Hospitalizations continue to increase in the state, with 144 residents now hospitalized due to COVID-19. There are currently 1,433 Marylanders hospitalized, according to the Maryland Department of Health.
Of the 1,433 hospitalized residents, 907 are in acute care units and 526 are in intensive care units. The information is not broken down by hospital.
According to a fiscal year 2018 report from the Maryland Health Care Commission, the state has a total of 9,562 acute care beds, which includes psychiatric, obstetric and pediatric.
Frederick Health Hospital had a total of 257 in fiscal year 2018, according to the report.
There were 1,211 critical care beds across the state in fiscal year 2018, including 18 at Frederick Health Hospital, according to the report.
There are currently 30 patients at Frederick Health Hospital due to COVID-19, said Dr. Manuel Casiano, chief medical officer, in an email. Approximately 80 percent of patients are there for non-COVID-19 medical concerns.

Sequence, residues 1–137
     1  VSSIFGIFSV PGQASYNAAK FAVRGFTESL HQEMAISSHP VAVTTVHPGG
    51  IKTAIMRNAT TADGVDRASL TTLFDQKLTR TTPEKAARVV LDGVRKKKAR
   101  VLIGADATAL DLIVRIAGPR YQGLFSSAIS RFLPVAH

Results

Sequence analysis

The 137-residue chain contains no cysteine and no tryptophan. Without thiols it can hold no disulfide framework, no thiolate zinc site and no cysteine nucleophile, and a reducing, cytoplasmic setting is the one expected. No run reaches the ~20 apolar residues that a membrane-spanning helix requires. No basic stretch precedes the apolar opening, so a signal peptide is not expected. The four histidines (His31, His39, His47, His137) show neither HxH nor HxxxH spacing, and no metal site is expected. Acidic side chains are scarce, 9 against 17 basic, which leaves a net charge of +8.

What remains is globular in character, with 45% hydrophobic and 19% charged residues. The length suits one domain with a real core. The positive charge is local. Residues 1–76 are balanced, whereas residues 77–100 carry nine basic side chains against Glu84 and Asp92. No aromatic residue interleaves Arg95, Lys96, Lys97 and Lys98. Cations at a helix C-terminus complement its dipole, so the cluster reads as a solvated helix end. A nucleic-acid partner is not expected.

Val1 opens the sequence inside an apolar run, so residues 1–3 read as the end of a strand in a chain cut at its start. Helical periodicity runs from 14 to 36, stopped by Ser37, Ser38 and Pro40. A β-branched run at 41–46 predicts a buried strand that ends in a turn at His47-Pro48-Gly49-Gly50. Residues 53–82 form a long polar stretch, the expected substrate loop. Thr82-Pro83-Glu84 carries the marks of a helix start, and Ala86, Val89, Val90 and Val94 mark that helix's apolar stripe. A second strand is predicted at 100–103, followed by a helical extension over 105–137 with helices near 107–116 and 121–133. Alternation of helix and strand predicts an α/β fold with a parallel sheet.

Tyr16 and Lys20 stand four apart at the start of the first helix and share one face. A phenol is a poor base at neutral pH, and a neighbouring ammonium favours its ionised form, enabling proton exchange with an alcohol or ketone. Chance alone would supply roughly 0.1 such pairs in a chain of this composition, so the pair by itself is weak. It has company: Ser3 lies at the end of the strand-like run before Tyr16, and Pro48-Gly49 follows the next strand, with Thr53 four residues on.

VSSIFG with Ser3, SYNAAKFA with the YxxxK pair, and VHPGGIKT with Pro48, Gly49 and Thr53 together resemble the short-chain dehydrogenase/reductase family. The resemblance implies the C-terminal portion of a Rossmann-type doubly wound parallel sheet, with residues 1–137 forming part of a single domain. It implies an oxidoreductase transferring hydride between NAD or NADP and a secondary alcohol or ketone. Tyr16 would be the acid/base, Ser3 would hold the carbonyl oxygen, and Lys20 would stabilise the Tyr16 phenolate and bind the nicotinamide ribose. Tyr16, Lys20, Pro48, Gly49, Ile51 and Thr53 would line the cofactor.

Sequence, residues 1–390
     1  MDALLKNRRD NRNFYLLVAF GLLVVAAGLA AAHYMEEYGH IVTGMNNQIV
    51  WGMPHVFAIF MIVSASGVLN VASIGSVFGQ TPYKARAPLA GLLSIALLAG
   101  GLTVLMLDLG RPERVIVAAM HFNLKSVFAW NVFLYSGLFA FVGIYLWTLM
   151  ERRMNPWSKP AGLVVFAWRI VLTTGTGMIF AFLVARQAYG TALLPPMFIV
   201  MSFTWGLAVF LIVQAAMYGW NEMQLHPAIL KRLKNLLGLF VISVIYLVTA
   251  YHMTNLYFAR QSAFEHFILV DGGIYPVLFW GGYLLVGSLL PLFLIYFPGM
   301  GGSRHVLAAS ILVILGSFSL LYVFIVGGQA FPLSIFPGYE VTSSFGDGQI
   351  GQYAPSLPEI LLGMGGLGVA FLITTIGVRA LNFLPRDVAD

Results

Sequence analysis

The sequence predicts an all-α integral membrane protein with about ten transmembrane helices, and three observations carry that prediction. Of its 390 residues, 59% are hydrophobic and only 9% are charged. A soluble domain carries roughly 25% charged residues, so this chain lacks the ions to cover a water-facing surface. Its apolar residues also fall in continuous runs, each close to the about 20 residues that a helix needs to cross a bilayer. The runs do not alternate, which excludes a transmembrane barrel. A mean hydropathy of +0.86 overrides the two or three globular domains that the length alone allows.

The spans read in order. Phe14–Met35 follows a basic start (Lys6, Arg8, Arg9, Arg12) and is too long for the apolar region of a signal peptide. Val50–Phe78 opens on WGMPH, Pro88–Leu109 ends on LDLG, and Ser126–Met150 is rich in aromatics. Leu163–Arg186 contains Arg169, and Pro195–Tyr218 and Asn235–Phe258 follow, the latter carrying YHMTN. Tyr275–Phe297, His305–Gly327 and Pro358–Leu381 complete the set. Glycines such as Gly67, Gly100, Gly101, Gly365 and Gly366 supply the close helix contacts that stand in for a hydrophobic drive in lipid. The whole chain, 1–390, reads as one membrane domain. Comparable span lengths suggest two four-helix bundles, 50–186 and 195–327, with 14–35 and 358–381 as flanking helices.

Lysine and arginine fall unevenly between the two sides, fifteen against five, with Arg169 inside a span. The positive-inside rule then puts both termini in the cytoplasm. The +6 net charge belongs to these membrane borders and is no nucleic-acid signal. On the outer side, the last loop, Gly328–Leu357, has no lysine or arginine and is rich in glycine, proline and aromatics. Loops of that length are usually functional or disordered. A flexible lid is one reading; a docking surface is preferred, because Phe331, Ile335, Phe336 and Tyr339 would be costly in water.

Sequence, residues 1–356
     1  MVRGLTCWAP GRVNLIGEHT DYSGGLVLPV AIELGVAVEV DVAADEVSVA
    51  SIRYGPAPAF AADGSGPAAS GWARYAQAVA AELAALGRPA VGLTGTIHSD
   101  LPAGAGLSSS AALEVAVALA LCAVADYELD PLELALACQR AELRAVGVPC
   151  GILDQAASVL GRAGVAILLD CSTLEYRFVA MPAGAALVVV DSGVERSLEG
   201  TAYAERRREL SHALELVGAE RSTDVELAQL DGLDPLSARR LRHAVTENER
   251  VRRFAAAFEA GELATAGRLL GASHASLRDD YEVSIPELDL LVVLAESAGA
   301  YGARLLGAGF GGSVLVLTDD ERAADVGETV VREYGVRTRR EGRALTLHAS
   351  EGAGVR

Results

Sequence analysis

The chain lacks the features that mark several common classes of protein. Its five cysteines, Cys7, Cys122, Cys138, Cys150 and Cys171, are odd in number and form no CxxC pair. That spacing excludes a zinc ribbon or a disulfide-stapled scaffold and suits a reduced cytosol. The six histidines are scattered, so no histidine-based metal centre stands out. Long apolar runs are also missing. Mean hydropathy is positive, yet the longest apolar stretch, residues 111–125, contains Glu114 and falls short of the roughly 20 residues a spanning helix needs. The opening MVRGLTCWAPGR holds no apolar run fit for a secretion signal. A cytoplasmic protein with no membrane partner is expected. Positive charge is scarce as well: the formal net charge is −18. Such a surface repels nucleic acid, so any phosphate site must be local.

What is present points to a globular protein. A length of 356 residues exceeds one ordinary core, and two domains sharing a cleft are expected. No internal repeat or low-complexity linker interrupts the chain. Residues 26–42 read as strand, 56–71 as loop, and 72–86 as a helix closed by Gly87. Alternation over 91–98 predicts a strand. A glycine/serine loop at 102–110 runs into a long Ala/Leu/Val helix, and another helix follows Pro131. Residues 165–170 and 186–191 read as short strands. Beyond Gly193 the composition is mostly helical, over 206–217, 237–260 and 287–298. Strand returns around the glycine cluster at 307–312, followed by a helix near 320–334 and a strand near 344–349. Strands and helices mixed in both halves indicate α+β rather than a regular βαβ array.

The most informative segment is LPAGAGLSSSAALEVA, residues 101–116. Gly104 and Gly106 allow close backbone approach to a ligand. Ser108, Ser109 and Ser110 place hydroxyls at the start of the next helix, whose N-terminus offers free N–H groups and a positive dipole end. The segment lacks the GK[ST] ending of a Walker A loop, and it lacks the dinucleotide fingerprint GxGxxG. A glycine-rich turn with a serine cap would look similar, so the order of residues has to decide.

Casiano could not share how many people were in the intensive care unit versus acute care due to privacy concerns. Between a third and a half of the ICU patients are there because of the disease caused by SARS-CoV-2.
“Given the nature of the virus, most people who are COVID-19 positive can safely recover at home,” Casiano said in the email. “We are finding that those who require hospitalization are more critically ill. It is important for the public to understand that we continue to maintain available beds for patients needing ICU-level care, as well as those needing inpatient medical care.”
Maryland now has 930 residents who have been released from isolation, an increase of 13. More than that may have recovered, Culpepper said.